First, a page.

Veterans Could Lose Health Coverage if ACA Repealed by Court
CHEYENNE, WY. | ERIC GALATAS, Public News Service – If federal judges overturn the Affordable Care Act, more military veterans would lose their health insurance than the total number of service personnel currently serving in the U.S. Army and Marine Corps combined.
By 2026, 690,000 veterans would become completely uninsured, according to new analysis by the group Families USA.
Stan Dorn, the group’s director of its National Center for Coverage Innovation, says more than 1,000 veterans in Wyoming could lose coverage.
“These are folks who have put their lives on the line for this country,” he points out. “They deserve our support. They do not deserve to have the health care that they need to thrive or even survive ripped away by unelected federal judges.”
The Veterans Administration’s health system, which is open to all vets, couldn’t handle the increased demand if people lose coverage through the ACA.
Plaintiffs in a case currently before the Fifth Circuit Court of Appeals in New Orleans argue that the entire ACA is unconstitutional after Congress removed a key part of the law penalizing people who didn’t sign up for insurance.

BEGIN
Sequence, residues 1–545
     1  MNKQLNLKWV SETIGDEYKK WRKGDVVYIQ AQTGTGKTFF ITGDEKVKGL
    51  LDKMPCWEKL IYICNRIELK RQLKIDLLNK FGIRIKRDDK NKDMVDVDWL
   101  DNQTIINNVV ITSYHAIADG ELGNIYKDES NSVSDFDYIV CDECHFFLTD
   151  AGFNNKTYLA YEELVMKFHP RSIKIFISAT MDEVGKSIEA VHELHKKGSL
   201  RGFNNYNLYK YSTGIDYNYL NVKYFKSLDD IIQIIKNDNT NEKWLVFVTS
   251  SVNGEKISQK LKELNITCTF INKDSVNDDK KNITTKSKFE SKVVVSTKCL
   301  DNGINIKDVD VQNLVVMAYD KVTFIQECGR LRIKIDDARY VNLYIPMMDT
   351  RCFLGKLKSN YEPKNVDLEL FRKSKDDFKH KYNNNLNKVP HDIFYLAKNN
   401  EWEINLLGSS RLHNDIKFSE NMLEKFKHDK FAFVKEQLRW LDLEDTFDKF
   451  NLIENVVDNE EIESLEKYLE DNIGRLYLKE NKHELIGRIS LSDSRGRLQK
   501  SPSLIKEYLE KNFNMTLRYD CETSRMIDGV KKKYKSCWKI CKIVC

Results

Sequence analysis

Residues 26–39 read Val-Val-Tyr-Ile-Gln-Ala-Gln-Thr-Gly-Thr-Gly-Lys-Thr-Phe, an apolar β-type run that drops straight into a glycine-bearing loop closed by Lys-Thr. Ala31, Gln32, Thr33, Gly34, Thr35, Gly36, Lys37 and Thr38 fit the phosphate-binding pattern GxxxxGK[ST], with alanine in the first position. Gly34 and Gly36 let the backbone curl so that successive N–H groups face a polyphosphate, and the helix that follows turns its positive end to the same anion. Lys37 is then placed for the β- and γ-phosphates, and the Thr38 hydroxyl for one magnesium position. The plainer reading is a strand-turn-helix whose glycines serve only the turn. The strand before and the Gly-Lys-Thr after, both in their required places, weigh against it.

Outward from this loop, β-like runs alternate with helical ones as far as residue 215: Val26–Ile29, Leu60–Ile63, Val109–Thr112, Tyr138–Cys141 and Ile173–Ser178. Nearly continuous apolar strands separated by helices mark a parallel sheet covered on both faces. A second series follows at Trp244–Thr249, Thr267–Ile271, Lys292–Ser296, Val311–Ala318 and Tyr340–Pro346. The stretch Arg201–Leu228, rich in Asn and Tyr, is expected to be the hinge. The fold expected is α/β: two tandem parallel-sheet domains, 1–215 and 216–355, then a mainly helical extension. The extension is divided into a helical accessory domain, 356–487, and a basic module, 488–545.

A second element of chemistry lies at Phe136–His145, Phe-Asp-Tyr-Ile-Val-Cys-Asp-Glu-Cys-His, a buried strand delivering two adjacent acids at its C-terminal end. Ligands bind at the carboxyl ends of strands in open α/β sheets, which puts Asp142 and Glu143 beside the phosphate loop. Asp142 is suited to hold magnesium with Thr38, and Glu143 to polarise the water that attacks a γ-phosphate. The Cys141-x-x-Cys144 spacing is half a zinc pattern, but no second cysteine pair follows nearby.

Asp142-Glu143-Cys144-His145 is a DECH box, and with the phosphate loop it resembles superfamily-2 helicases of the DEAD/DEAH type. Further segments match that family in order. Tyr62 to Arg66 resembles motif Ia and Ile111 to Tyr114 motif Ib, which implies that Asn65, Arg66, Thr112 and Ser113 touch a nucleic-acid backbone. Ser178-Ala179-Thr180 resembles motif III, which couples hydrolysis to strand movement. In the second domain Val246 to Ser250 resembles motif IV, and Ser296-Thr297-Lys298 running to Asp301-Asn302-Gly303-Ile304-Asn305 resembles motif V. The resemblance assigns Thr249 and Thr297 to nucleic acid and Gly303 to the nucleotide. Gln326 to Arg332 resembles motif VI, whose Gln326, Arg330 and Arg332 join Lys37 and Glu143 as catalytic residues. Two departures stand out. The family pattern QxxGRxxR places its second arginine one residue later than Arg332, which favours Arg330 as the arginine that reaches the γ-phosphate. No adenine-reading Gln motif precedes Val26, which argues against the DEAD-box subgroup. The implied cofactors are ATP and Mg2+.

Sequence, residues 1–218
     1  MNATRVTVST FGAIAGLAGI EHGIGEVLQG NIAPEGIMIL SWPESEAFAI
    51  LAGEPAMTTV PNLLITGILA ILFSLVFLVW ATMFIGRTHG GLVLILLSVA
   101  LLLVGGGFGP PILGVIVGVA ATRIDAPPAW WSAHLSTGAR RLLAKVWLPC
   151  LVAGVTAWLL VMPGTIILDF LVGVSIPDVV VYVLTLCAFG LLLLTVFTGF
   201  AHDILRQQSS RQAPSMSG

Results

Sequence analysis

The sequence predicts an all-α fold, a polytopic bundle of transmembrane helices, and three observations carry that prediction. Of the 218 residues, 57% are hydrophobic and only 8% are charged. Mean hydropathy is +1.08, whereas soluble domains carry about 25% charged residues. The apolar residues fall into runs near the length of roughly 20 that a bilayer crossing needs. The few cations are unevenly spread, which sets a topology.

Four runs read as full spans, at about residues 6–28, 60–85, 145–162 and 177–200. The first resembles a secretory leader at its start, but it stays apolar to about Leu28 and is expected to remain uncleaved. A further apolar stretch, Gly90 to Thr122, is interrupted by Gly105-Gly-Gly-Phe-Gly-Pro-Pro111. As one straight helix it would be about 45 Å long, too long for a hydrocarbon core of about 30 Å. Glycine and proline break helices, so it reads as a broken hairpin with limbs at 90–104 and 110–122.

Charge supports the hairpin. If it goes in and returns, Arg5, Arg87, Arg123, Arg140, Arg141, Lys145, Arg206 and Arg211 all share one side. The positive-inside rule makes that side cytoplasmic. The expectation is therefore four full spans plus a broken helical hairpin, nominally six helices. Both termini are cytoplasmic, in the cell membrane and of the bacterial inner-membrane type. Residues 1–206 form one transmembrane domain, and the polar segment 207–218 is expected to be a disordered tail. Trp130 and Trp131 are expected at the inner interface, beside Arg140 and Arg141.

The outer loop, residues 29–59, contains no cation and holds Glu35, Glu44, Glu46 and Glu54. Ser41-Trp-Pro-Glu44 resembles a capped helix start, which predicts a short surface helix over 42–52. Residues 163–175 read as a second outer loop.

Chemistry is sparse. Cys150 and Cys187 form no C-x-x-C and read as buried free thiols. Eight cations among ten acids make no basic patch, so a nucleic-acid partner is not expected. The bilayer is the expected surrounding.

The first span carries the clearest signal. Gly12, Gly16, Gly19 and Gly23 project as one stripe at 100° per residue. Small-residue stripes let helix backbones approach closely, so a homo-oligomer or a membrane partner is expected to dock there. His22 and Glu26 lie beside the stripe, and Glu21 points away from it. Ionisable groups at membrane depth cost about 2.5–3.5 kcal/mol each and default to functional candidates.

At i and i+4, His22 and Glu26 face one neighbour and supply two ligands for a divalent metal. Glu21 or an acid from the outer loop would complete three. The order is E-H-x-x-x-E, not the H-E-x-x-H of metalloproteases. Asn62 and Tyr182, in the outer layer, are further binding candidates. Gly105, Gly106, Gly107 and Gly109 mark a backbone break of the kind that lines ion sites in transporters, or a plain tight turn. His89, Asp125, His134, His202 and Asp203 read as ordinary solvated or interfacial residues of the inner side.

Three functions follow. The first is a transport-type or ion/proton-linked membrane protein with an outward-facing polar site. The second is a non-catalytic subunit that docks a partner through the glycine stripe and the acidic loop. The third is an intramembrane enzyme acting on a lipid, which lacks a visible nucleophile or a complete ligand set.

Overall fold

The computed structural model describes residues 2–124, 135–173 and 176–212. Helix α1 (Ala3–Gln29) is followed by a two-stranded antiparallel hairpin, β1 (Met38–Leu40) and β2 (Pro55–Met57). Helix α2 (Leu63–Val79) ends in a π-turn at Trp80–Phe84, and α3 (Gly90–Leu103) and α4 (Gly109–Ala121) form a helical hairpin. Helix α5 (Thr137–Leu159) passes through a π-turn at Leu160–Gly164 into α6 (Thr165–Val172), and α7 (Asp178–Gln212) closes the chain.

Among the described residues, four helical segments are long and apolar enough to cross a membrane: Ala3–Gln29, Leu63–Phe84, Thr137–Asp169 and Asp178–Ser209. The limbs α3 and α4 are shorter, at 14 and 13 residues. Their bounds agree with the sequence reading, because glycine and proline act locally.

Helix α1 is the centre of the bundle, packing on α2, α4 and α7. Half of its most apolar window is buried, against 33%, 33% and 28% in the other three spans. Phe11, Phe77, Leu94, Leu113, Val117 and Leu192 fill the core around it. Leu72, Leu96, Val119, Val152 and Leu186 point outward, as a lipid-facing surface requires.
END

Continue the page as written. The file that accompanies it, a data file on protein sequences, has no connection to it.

Plaintiffs say Congress would not have passed the sweeping health law without an individual mandate penalty.
Dorn says congressional majorities did vote to keep the rest of the Affordable Care Act intact when they eliminated the individual mandate penalty, as part of the 2017 tax bill.
He adds children also are at risk if federal courts trump Congress and repeal the ACA. He says insurance companies could legally deny coverage to children with pre-existing conditions, including cerebral palsy, Down syndrome and, in some cases, even asthma.
“These 13 million children with special health care needs could be left out in the cold,” he points out. “Insurance companies could just flatly deny them coverage at the door if they thought that the insurance company might lose money by enrolling these very sick children.”
Dorn says in Wyoming alone, more than 27,000 children with special medical needs would lose ACA protections.
If the Fifth Circuit Court decides to repeal the ACA, defendants are expected to appeal the ruling, and the case could reach the U.S. Supreme Court.